How to use the Average True Range

In this tutorial, you will learn how to use the Average True Range.

The Average True Range (ATR) measures market volatility. J. Welles Wilder Jr. creates the indicator in his book, “New Concepts in Technical Trading Systems.”

The ATR is very simple to calculate:

The Current Period High minus (-) Current Period Low
The Absolute Value (abs) of the Current Period High minus (-) The Previous Period Close
The Absolute Value (abs) of the Current Period Low minus (-) The Previous Period Close

true range=max[(high – low), abs(high – previous close), abs (low – previous close)]

The Average True Range is an essential technical indicator for a trader. We use ATR in many trading systems for different purposes.

ATR to measuring volatility

Firstly, the Average True Range calculates the price’s historical volatility. The volatility is cyclical; it moves from low value to high value constantly.

So, using the ATR helps you to predict a price move. Newbie traders analyze only the price; with volatility, you can go deeper. It’s like watching a 3d film!

You can use it to analyze many markets and many instruments. This indicator is born for commodities, but immediately traders used it for all markets.

Everyone has to consider the volatility associated with a given financial instrument before entering a trade.

In the stock market, when an uptrend is genuine, the Average True Range is declining.

Remember that when the market crashes, the ATR rockets up.

It’s easier to predict volatility than the price.

Position size

Your trading systems will love the Average True Range because it can easily calculate the position size.

When volatility is high, you always have to reduce your market exposure.

It’s straightforward. You have only to decide your stop loss in money, suppose 200\$.

Now you divide 200\$ by X times the ATR value. For example, the ATR(10) is 2\$; you have to divide 200\$ by 10\$ (2\$ x 5 times). The result is the number of contracts to buy.

Remember that when the market rises, the ATR declines, and your position increases. The problem is that you have a big position, probably near a downturn.

Generally, the market decline fast and sharply so pays attention! Never over-increase your position size during low volatility phases.

ATR to set your stop loss

Your stop loss has to be volatility-responsive. When the market is nervous, and the volatility is high, you can’t set a small stop loss.

Especially if you’re using trend follower strategies, you have to stay in a trade for a long time.

The system is straightforward; you can add X times the ATR value to the price.

Generally, we like to use multiple ATR. In this way, you could exit with a “scaling out strategy,” or you could set a multiple stop loss.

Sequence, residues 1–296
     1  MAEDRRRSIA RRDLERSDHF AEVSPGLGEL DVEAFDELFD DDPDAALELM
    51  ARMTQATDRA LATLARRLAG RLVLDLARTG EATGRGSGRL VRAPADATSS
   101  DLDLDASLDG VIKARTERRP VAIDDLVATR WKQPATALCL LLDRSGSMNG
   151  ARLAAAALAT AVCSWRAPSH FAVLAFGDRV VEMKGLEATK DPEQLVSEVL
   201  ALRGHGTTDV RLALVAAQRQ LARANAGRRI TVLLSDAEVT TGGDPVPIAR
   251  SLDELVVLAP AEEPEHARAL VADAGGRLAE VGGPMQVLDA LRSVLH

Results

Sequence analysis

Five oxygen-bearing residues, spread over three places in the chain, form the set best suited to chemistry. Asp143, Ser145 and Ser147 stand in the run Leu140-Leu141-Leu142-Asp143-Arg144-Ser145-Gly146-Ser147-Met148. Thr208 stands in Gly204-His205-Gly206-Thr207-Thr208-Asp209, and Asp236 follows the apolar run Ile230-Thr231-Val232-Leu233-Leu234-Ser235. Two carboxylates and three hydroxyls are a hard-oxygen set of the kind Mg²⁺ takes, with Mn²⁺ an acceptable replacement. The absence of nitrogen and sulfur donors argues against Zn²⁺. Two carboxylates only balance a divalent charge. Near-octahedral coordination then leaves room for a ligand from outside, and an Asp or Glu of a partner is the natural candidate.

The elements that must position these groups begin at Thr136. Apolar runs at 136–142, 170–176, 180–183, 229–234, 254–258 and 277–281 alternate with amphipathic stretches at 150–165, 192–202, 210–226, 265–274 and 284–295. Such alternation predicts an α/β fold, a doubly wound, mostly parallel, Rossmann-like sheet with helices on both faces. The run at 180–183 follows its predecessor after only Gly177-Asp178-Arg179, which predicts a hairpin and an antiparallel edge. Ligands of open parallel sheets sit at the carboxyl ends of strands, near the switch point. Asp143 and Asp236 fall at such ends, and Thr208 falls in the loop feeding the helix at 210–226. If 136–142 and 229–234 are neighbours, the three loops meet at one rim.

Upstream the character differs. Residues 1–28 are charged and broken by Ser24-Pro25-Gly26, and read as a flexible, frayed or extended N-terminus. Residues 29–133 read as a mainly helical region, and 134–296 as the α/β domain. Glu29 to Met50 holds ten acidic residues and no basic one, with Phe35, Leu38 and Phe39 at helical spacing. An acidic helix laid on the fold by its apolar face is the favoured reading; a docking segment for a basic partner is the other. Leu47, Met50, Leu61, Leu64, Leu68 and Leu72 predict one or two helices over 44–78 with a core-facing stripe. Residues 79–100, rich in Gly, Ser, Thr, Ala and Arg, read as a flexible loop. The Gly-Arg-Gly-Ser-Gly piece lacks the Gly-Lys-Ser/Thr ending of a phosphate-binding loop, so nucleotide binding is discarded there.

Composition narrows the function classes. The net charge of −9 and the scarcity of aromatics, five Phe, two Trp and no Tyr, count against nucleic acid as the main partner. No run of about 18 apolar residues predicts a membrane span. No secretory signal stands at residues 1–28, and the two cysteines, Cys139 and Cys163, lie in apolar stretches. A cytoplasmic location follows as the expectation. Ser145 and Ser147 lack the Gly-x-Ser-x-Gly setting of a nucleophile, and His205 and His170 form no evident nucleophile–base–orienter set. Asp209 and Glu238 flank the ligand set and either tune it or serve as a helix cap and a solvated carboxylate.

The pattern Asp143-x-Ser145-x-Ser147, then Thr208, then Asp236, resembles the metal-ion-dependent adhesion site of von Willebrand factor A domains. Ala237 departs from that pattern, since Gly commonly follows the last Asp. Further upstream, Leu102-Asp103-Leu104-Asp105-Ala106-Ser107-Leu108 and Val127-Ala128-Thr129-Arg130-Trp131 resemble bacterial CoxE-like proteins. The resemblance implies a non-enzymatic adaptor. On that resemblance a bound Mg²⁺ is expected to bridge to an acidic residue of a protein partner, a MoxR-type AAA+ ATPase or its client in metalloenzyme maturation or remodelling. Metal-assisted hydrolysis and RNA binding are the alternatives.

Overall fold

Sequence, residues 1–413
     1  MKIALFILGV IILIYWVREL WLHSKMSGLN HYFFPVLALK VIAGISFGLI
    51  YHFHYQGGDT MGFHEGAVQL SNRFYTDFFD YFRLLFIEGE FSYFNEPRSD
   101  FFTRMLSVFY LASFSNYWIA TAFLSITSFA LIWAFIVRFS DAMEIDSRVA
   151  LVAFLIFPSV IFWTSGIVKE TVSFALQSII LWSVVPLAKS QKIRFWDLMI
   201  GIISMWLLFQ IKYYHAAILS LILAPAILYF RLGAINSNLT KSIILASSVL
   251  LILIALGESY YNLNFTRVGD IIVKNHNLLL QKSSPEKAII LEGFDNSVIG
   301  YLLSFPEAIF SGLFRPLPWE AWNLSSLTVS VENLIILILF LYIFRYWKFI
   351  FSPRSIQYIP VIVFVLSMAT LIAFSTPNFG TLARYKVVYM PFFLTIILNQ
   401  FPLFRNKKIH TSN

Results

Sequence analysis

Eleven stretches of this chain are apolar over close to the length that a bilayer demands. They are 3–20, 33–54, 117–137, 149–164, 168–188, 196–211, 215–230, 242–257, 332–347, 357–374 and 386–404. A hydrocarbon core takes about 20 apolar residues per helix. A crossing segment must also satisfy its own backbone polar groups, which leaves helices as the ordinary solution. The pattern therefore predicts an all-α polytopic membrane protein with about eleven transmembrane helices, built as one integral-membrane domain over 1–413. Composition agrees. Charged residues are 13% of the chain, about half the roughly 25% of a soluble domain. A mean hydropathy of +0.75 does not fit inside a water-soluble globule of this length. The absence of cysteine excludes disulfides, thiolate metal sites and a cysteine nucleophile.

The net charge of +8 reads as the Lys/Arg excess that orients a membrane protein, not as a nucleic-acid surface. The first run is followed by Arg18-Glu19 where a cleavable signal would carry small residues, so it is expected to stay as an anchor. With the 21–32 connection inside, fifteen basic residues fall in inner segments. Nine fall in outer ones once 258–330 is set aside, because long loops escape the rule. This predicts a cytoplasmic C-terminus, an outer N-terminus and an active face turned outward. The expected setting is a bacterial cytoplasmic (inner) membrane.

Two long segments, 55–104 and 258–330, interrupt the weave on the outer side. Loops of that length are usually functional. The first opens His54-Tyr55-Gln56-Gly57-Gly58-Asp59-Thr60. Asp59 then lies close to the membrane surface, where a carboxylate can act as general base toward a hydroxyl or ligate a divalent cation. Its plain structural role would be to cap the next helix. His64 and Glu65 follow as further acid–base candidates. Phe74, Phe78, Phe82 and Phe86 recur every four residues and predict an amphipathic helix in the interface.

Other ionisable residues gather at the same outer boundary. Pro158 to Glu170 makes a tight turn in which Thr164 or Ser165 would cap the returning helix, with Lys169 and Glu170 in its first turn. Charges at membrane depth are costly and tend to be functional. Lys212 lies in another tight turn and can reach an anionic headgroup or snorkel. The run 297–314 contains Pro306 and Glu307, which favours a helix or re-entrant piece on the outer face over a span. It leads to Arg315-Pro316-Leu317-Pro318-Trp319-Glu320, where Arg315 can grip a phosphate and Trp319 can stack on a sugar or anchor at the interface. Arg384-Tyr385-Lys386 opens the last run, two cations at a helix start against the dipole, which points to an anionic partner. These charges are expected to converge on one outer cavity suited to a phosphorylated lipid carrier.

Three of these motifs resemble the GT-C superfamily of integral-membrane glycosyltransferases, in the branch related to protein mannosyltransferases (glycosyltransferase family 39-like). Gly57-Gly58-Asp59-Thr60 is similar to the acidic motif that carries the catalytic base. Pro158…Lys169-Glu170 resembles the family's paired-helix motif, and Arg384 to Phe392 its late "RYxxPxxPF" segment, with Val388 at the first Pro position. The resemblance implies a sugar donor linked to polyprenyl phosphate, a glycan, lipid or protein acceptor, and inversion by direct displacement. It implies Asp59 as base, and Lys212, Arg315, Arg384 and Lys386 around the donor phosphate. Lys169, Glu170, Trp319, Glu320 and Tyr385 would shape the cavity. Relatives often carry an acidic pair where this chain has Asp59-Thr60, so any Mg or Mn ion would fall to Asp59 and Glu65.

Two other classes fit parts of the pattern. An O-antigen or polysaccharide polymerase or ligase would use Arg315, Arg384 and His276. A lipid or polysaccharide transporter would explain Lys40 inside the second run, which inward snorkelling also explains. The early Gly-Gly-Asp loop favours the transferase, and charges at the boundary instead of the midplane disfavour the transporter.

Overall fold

Moreover, you could modify the ATR value for uptrend phases and downtrend phases. The ATR should be less responsive in a downtrend. In fact, you have to avoid a big stop loss in a volatile market.

Trailing Stop

The Average True Range is also handy to calculate your trailing stop. Many times you have to stay in a position for a long period.

Your trailing stop has to be volatility-responsive like your stop loss. The trading system could calculate the trailing stop every day and adapt it with the volatility.

Usually, when you add a trailing stop to your system, the profit decreases. Nevertheless, many traders like to use it; it’s only a psychological issue.

We like to use a trailing stop only if the system doesn’t get too bad.

If you are an intraday trader, you can use the ATR. Remember that the ATR increases in the first part of the day and decreases for the rest.

It’s useless to calculate the volatility, but it’s useful to set the stop loss and one intraday trailing stop.

Anyway, the indicator works better on a daily chart.

Calculate the ATR Direction

Your trading system must track the direction of the Average True Range. Using a simple moving average, the system can understand if volatility is trending up or down.

When the ATR line stays above the moving average, the trend is up and vice-versa.

You know that the moving averages are lagging. If you want to know what’s happening fast, you need to “slope” the ATR.

We like to slope many indicators; practically, we compare today’s ATR value with the past.

How to Filter the ATR

Maybe you would like to use the ATR to scan the market. In this manner, you can find the most volatile instruments. The problem is that the indicator value changes based on the instrument price.

A stock that quotes at 100\$ has a bigger ATR respect of a stock that quotes 2\$.

To compare ATR from different instruments, you have to standardize the output value.

How to do this? For example, you can use the distance from a moving average. The stock that has the ATR value far from its moving average is in the high volatility phase.